U.S. Navy destroyer USS Higgins (DDG-76) and replenishment ship USNS Big Horn (T-AO-198) participated in Noble Raven 22-2, while Canada was represented by frigate HMCS Winnipeg (FFH338). Along with tactical training, the exercise also included the first activity under the Japan-Canada Acquisition and Cross-Servicing Agreement (ACSA), signed in 2018, where Izumo refuelled Winnipeg, according to a social media post by the JMSDF Escort Flotilla 4, of which Izumo is a part.

“In this multilateral exercise, we improved our tactical capabilities and strengthened cooperation between the JMSDF, the U.S. Navy and the Royal Canadian Navy by conducting more practical multilateral exercises,” Rear Adm. Toshiyuki Hirata, commander of Escort Flotilla 4 and also the first surface unit, said in a Monday JMSDF release.

“Through this dispatch, we were able to embody Japan’s strong will not to allow unilateral attempts to change the status quo by force, and demonstrate Japan’s strong determination to ensure the safety of maritime traffic in the region and thereby contribute to the prosperity of the international community,” Hirata said.

The JMSDF also announced in a Monday release that it will conduct the 2nd Dispatch Training (submarine) for its fiscal year 2022 with the deployment of submarine JS Toryu (SS-512) from Oct. 9 to Dec. 26, during which Japan will conduct training around Japan and Hawaii and in the waters around Joint Base Pearl Harbour-Hickam. It is the 84th time that the submarine dispatch training has been conducted since 1963.

Australia Conducting Annual Indo-Pacific Deployment

Royal Australian Navy landing helicopter dock HMAS Adelaide (L01) and frigate HMAS Darwin (FFG04) docked at Port Klang Cruise Center, Malaysia in 2017 during the inaugural Indo-Pacific Endeavour (IPE) deployment. Photo Courtesy of Dzirhan Mahadzir

Australia began its 2022 iteration of its annual Indo-Pacific deployment, Indo-Pacific Endeavour 2022 (IPE22), on Sept. 28.

The two-month regional engagement activity involves five ships, 11 helicopters and around 1,800 personnel from all three services of the Australian Defence Force (ADF) along with are representatives from across the Australian government, including the Australian Federal Police, Australian Border Force, Australian defence industry and Department of Foreign Affairs and Trade, according to a Sept. 29 release.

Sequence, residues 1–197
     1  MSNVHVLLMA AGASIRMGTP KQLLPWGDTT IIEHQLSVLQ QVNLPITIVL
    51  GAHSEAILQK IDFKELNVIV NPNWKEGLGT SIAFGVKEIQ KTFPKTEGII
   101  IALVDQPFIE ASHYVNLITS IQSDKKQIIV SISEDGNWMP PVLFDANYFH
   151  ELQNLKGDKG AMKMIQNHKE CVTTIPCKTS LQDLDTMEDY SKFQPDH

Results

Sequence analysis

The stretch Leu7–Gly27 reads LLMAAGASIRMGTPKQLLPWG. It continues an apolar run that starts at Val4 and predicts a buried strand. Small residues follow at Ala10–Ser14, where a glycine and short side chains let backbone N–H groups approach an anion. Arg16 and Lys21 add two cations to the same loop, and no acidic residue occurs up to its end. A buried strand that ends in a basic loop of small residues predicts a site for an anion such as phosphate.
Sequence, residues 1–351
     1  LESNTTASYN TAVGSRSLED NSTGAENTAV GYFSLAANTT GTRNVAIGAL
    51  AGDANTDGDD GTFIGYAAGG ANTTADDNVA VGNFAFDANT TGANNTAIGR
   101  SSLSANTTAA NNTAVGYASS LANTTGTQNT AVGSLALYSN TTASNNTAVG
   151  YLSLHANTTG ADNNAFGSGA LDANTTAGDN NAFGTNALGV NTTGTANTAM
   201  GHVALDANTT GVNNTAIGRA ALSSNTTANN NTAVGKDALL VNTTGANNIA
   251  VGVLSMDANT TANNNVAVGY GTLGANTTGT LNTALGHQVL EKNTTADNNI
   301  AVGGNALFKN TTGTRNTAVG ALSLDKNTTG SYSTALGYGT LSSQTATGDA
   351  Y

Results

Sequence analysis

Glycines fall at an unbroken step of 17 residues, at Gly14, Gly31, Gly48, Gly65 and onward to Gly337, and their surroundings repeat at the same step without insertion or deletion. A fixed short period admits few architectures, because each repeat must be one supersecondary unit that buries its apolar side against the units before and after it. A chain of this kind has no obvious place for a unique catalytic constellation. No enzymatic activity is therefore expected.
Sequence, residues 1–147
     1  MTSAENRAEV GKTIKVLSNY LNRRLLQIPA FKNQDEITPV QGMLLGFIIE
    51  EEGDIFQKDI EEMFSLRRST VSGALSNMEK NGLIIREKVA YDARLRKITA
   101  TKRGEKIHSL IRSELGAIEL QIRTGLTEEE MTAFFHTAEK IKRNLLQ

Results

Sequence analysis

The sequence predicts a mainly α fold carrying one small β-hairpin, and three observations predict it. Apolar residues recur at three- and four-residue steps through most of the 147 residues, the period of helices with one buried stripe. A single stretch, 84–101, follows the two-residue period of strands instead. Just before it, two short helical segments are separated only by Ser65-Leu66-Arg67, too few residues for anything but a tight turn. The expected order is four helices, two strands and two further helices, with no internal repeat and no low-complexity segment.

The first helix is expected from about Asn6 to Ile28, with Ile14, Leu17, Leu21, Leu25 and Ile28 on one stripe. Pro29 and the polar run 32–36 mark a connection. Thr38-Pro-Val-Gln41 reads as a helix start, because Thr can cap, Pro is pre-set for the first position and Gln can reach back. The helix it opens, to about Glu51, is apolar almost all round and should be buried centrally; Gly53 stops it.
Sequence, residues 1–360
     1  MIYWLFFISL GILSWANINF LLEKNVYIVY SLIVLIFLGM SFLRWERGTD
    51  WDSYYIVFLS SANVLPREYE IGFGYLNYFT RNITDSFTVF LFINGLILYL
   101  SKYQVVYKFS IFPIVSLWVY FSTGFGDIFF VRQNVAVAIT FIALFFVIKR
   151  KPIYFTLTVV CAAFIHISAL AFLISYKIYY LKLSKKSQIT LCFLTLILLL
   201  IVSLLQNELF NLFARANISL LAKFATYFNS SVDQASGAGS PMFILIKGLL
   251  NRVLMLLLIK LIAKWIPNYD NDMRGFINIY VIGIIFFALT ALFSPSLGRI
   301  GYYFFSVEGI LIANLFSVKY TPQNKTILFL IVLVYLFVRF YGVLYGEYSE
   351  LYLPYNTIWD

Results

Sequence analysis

The exercises focus on strengthening military partnerships across southeast Asia and the northeast Indian Ocean, according to the release. Australia is committed to a open and resilient Indo-Pacific region, according to the statement.

Royal Australian Navy ships involved with IPE22 are the Landing Helicopter Dock HMAS Adelaide (L01), destroyer HMAS Hobart (DDG39), frigates HMAS Anzac (FFH150) and HMAS Arunta (FFH151) and replenishment ship HMAS Stalwart (A304).

Among the embarked personnel on Adelaide are troops from the Australian Army’s 2nd Battalion, Royal Australian Regiment. Royal Australian Air Force (RAAF) air mobility aircraft will also be involved in the deployment.

Other countries involved in IPE22 include the Maldives, Timor-Leste, Vietnam, the Philippines, Bangladesh, Sri Lanka, Laos, Cambodia, India, Thailand, Malaysia, Singapore, Brunei and Indonesia .

The five RAN ships will not be operating together as a single surface action group but will split into a main task force comprising of an LHD and an escort, in this case Adelaide and Anzac, while the remaining ships will both conduct independent IPE taskings. They may also operate together with the main task force at certain periods or conduct non-IPE taskings as part of the RAN’s routine regional presence deployment.

Hobart, Stalwart and Arunta will participate in maritime exercises with regional partners and conduct port visits, according ton Australian Department of Defence release on Wednesday.

These routine deployments demonstrated Australia’s commitment and engagement with our partners in the region, Commander of the Australian Fleet Rear Adm. Jonathan Earley said in the release.

“Australia has maintained a robust program of international engagement with countries in and around the Indo-Pacific for decades,” Earley said in the release.

IPE has been an annual deployment since 2017, with Earley, then a captain, commanding the first deployment.

IPE was cancelled in 2020 and conducted through contactless activities in 2021 due to the COVID-19 pandemic with IPE22 marking the first full-scale IPE since 2019.

IPE22 activities have been carried out already in Mauritius and Timor-Leste, with staff talks between ADF and Australian Federal Police officers with government officials in the Maldives.

From Sept. 29-30, Stalwart, together with personnel flown by an RAAF C-130, conducted engagement activities in Timor Leste.

On Tuesday, Australia’s Department of Defence announced that it is deploying an RAAF P-8A Poseidon Maritime Patrol Aircraft (MPA) to the Mediterranean as part of a NATO operation.